Wednesday, December 4, 2013

Go For the Goal: Goal Setting for Partners in Learning

Howdy, GTCers!

Hope everyone had a restful and recuperative Thanksgiving break! Just before we broke for the holiday, the GTC was fortunate enough to have guest facilitator Melita Denny come and talk to us about the importance of goal setting for creating dynamic and active classrooms. Provided below is her summary of the most important points covered during this workshop:

Is it useful to teach goal setting a part of a class?

Certainly any class would have goals, a particular amount of material to be covered, expectations of skills and concepts that the students should master in a particular amount of time.  Classes are often focused on performance objectives such as exams, and may require the completion of projects.  As teachers we have goals that we set for our students.  We call these the objectives for the class and we hope that our students will be able to master at least some of them over the course of the class.
Taking time to discuss goal setting can help engage the students in taking ownership of their own learning. 

“If you, the teacher, have a goal, and you don't share it with your students, they aren't really your partners in learning.”

Some important concepts in effective goal setting:

Clearly define the expectations for the class -

The most helpful thing we can do as teachers is to clearly state the course objectives.  Make sure the students know what will be expected of them

Involve the student in the process of setting goals -

If the students feel that they are involved with the process the goals will be more meaningful to them.  It might also be useful to understand that students will have different goals.  A student may come in to your class with particular interests and expectations.  A student may not really care about getting an A, he or she may just want to pass the class.  As teachers, we have a responsibility to challenge our students.  Ideally we would like to inspire them to care about the subject and help them find ways to succeed.  But ultimately the choice is theirs.  The goals will only be  effective if the students accept them.

Set specific goals -

Specific goals are much more powerful than vague goals.  As noted above, it is important to make sure your students know what your expectation are for the class.  A well designed class will have specific expectations, amount of material to be covered, skills and knowledge that must be mastered for exams or assignments.  Giving specific information about the course objectives can help the students to make their own specific goals. 

For example, an over-achieving student taking an into biology class might approach the class with the idea that she is going to learn everything there is to know about biology.  This is a laudable goal, but rather vague.  It could be helpful for her to make a more specific goal of being able to answer all the chapter questions in the textbook.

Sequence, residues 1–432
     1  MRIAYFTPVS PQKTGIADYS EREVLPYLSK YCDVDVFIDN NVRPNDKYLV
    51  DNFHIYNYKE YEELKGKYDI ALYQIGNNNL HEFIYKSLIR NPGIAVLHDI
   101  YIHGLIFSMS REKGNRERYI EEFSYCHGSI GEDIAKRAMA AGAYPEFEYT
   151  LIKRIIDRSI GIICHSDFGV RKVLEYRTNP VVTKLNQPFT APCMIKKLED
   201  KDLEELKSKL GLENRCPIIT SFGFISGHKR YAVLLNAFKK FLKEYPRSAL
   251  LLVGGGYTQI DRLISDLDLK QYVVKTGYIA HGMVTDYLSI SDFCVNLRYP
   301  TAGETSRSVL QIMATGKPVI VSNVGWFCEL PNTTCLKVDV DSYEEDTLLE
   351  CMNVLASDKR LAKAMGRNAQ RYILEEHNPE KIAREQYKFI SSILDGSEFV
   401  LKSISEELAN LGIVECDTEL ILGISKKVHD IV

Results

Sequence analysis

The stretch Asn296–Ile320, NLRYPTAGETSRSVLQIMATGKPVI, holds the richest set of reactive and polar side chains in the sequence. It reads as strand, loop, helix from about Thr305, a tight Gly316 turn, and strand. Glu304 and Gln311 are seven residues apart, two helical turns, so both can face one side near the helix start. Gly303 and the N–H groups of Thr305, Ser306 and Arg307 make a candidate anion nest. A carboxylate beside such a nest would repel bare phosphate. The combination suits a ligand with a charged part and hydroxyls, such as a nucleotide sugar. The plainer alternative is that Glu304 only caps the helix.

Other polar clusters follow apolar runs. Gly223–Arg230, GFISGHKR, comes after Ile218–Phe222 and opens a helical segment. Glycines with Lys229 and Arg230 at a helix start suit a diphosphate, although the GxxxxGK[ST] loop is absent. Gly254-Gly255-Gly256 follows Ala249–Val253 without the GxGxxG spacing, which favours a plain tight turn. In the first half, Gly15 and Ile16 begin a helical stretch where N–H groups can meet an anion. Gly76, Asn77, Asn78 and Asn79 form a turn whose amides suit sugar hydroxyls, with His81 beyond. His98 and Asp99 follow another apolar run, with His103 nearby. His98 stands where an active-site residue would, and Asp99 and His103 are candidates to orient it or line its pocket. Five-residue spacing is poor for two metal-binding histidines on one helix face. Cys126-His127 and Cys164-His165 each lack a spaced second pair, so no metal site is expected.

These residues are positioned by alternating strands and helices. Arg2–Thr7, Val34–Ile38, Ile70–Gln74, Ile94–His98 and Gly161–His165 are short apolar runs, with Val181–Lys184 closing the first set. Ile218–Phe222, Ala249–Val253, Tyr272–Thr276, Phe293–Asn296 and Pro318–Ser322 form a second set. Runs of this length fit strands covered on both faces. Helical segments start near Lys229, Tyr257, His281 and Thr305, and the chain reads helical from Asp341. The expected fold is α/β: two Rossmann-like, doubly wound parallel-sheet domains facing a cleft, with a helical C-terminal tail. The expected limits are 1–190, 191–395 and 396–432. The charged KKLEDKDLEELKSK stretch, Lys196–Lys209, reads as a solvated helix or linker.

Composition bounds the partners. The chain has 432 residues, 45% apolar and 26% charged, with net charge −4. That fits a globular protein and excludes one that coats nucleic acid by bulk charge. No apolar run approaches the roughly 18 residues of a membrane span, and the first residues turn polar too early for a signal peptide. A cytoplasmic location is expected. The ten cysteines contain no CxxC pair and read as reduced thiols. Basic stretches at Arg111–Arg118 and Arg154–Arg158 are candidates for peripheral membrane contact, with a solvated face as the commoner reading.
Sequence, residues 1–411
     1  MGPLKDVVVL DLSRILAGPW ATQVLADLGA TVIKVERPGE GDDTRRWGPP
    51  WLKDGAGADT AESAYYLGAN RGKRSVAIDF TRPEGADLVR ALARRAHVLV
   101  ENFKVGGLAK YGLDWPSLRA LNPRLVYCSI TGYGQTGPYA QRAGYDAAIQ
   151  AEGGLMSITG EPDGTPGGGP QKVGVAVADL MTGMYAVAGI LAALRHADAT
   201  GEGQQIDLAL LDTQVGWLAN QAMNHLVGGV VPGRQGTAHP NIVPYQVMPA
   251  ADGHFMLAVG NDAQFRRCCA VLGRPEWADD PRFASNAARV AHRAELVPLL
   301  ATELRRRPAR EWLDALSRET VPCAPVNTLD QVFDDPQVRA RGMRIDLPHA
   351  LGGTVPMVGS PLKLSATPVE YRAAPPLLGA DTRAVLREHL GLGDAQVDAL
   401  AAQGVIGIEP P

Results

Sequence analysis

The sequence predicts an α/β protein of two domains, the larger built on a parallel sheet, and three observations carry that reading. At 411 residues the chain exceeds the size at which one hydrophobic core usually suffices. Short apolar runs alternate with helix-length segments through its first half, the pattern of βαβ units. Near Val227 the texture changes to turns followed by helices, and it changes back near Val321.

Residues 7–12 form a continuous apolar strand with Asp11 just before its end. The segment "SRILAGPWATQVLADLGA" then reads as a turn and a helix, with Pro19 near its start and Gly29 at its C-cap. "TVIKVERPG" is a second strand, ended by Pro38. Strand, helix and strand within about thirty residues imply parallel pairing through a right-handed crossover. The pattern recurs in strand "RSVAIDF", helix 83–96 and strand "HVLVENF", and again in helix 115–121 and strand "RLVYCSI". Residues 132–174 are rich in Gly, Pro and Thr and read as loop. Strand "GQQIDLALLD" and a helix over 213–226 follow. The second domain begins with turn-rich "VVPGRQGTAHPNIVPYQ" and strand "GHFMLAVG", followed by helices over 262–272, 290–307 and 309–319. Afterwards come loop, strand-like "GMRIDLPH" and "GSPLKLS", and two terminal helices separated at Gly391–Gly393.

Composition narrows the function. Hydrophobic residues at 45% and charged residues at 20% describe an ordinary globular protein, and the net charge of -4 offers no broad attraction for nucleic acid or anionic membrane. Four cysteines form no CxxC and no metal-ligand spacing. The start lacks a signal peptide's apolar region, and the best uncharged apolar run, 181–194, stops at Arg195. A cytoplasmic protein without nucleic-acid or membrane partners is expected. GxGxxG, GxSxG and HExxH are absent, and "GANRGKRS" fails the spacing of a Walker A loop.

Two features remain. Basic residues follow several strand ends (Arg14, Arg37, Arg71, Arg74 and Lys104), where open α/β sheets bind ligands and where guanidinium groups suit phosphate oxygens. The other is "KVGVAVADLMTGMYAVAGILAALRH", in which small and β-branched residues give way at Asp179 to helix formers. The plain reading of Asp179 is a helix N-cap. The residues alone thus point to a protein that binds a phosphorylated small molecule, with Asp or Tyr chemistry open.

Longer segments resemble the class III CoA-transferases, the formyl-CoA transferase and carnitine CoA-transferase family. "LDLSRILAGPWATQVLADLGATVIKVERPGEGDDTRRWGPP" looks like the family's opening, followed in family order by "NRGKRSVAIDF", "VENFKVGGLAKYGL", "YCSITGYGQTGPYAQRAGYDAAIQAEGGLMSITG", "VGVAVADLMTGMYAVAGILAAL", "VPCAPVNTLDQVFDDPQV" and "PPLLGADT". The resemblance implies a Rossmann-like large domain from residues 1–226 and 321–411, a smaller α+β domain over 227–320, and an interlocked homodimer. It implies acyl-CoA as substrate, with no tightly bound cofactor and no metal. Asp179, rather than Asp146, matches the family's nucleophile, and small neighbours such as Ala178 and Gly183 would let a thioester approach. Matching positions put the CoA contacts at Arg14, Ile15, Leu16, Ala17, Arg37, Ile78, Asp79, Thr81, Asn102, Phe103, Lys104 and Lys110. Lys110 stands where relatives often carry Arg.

Create a plan of action -

Once the goal is specifically articulated, we then need to create a plan for achieving it.  In most cases it is useful to have a step-by-step process that breaks a large goal in to more manageable pieces.  Many goals require time to achieve.  Building a skill, training for athletics, memorizing material, these things all work best when done a little at a time.  Some teachers will break a large project in to smaller steps to help the students.  For example, a large research paper might require the preliminary steps of: compilation of a bibliography, development of a thesis, rough draft, and editing.  These steps can be separate assignments with individual due dates to help the student work step-by-step. 

A student might not always know how to achieve a particular goal.  If he or she hasn't written a significant research paper before, it would be important that they learn to work through the steps in the process.  If the teacher is explicit about the reason for assigning the project in steps, the students can learn the value of creating a plan of action for achieving a goal and may be more successful when they take another class in which they are left to do the project on their own.

Goals for teachers -

Thinking about goal setting and explicitly making it part of the classes we teach can help us to organize more effectively.  When preparing a class, it is always useful to ask, what are my objectives?  What do I want my students to learn in this class? 

The model I outline above can be used as a guide for developing your class: define your expectations,  set specific goals, create a plan of action to achieve those goals.
The content of lectures, the assignments for the class, and the content a format for your tests should all reflect your goals for the class and your plan to achieve them with your students.

Many thanks to everyone who participated in discussion for this topic!  This is a very interesting topic and I learned a lot from all of you.

Melita Denny

Many thanks to Melita for her thorough and thoughtful recap. Just a reminder that tomorrow, Thursday December 4th, 2013, the GTC will be hosting a workshop entitled "Peer Assessment in the Classroom: Why? How?" facilitated by Melody Schmid. Interested? Please see the flyer below for more details. 

Hope to see you there!

No comments:

Post a Comment